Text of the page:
“Bob Dylan Has a Lot on His Mind,” the New York Times reported on June 12. That’s for sure. In late March, as the COVID-19 pandemic shut down America, the 79 year old singer-songwriter released “Murder Most Foul,” an epic, 17-minute song-poem about the assassination of President John F. Kennedy.
Since “Who killed JFK?” is one of the central questions of American history, you might think that the Times interviewer, historian Douglas Brinkley would ask the Nobel laureate about how he came to compose his dark and brooding take on November 22, 1963. You might think Brinkley, a CNN commentator, would ask Dylan why he decided to release the song as the country and the world reeled from a plague.
Last month the New York Times published a letter that seriously misstated the JFK medical evidence. Harris Meyer, senior report for Modern Healthcare, called out the Times with a call for a correction. Meyer’s letter contains important information that Dennis Breo, the author of the letter (and the newspaper of record) chose to omit, perhaps because the information calls into question Breo’s reporting on the subject.
Here’s Breo’s letter, “Mysteries, Solved and Unsolved,” in which he claims that he and the Journal of the American Medical Association (JAMA) had definitely resolved questions about JFK’s autopsy in 1992
The disturbing shadow of John F. Kennedy’s assassination remains visible in American politics and journalism.
Witness the appearance of Roger Stone, adviser to Donald Trump, at a symposium on Lee Harvey Oswald in New Orleans, which drew the attention of the New York Times (and the pro-Clinton attack group Media Matters.)
“At a time when talk of having lost the country is very much in vogue, along with deep suspicions of a powerful and secretive elite, the symposium seemed remarkably of the moment,” writes reporter Campbell Robertson.
Of course, reporting on how fears of secret power are driving the discourse of the 2016 presidential election is an eminently timely and worthy subject. But reporting is what Robertson failed to do. Instead of learning the latest JFK facts, Times readers were served a birthday cake. Read more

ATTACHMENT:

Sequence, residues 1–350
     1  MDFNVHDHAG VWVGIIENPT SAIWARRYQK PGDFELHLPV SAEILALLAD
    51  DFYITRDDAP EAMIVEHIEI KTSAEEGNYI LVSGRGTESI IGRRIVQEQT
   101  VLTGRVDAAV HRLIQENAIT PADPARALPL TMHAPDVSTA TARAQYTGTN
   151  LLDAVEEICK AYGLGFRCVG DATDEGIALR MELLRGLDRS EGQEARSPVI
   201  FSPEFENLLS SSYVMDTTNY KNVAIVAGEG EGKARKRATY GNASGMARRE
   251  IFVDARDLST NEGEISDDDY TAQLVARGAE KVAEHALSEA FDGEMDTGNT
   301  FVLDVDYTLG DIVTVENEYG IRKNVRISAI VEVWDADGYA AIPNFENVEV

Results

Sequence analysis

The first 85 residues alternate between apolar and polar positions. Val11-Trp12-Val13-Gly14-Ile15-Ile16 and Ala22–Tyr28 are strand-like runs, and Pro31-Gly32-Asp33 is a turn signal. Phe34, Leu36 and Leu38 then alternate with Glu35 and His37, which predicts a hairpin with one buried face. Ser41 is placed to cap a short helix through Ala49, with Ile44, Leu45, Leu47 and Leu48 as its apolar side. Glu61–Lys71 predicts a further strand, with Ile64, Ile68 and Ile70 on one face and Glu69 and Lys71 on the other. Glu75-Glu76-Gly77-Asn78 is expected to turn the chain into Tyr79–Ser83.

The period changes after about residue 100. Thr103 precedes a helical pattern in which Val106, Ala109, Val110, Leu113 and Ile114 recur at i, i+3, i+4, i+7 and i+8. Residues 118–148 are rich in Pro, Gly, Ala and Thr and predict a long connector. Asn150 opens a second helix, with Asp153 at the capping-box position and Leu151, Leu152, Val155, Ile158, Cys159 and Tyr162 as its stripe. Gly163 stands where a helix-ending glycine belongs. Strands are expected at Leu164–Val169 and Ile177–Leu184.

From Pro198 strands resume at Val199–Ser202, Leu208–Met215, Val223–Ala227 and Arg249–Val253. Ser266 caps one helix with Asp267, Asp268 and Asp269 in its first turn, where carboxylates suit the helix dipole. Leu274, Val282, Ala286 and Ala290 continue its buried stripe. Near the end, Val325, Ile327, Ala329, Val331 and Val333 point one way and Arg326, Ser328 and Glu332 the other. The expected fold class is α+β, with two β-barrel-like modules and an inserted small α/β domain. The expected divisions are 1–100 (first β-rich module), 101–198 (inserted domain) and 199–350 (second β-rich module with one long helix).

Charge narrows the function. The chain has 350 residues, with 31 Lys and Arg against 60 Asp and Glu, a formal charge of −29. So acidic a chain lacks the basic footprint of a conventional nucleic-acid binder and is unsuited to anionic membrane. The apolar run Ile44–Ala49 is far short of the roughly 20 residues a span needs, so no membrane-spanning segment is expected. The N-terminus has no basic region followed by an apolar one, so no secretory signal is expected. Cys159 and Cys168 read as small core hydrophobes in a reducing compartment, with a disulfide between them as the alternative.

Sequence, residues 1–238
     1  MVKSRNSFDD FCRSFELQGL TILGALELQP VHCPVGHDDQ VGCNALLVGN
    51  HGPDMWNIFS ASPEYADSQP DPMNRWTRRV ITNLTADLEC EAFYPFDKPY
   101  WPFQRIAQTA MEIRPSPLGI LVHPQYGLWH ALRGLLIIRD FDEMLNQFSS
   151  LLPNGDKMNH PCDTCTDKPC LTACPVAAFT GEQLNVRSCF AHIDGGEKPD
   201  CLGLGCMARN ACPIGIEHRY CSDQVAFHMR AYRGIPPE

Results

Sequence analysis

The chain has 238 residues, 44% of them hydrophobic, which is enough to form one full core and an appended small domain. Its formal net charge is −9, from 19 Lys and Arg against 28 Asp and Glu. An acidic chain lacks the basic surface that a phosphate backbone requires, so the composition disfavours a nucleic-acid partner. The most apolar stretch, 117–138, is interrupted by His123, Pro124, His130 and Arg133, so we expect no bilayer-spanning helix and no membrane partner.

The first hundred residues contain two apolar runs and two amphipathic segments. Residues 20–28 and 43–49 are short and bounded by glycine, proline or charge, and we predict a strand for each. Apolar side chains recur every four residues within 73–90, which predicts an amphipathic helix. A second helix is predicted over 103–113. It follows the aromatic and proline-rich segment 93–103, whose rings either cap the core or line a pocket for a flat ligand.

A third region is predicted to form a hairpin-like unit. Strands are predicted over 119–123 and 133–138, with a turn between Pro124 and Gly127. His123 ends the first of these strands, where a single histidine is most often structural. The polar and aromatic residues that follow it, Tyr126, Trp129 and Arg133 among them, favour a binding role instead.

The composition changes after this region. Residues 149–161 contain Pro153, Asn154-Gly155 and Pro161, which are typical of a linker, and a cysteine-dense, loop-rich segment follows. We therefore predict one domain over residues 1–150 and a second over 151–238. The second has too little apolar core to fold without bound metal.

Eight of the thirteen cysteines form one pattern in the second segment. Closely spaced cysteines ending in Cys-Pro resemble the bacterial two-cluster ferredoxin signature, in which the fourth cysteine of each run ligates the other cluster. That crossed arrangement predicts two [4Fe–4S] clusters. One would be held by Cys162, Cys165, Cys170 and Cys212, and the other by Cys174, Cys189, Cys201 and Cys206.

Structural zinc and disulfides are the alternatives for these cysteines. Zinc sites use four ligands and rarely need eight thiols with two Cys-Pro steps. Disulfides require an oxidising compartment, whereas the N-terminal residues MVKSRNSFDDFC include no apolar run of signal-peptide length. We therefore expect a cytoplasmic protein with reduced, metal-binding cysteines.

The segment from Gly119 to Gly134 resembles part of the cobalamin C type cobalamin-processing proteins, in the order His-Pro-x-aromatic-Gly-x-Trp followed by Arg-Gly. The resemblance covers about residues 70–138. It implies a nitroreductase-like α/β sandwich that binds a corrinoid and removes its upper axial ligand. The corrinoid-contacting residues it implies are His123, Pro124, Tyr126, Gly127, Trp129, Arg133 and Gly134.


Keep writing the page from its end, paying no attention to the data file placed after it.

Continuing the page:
“Conspiracy theories,” writes author Annie Jacobsen in a New York Times forum, are “the stories we tell ourselves to make sense of how we live.” A JFK conspiracy theory (or anti-conspiracy theory) is a story we tell ourselves in order to make sense of what happened on November 22, 1963.
“The C.I.A.’s growth was ‘likened to a malignancy’ which the ‘very high official was not sure even the White House could control … any longer.’ ‘If the United States ever experiences [a coup to overthrow the government] it will come from the C.I.A. and not the Pentagon.’ The agency ‘represents a tremendous power and total unaccountability to anyone.'”
With the 50th anniversary of JFK’s assassination barely three months away, the New York Times appears to have solved one lingering question: the provenance of a curious gravestone that appeared next to Lee Harvey Oswald’s final resting place in Ft. Worth’s Shannon Rose Hill Cemetery about 15 years ago.
This is an important development. An accomplished newspaper reporter is taking on a subject most accomplished journalists have shied away from for 50 years: the government’s compromised investigation of the assassination of JFK.
“Phillip Shenon, a former New York Times reporter and author of The Commission, an acclaimed and critical look at the 9/11 Commission Report, has promised us a new book that claims that “powerful” people had influenced the Warren Commission’s investigation and final conclusion that Lee Harvey Oswald acted alone in killing John F. Kennedy.”
In short, Shenon is doing individually what the Times never did institutionally: accountability reporting on JFK’s assassination.
Last month, in an empty movie theater in Washington, DC, I saw “Parkland,” the Tom Hanks-Peter Landesmann film about the assassination of President Kennedy. I was so underwhelmed I didn’t know what to say.
The fact that the movie tanked at the box office and puzzled critics indicated its presentation of JFK’s murder as a fairly ordinary homicide in Texas had no resonance, even with elite media organizations imbued with a cultural affinity for the lone gunman theory. So I decided I would write something after the 50th anniversary and I never got around to it.